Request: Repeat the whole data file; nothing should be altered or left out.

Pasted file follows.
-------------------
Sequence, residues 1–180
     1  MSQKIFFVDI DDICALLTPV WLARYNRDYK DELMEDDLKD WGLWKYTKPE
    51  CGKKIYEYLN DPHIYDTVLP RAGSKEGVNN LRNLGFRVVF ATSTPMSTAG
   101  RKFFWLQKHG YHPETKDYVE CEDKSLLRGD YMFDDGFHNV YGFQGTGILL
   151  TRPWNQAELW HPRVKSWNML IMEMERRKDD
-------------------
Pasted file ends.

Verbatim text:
Sequence, residues 1–180
     1  MSQKIFFVDI DDICALLTPV WLARYNRDYK DELMEDDLKD WGLWKYTKPE
    51  CGKKIYEYLN DPHIYDTVLP RAGSKEGVNN LRNLGFRVVF ATSTPMSTAG
   101  RKFFWLQKHG YHPETKDYVE CEDKSLLRGD YMFDDGFHNV YGFQGTGILL
   151  TRPWNQAELW HPRVKSWNML IMEMERRKDD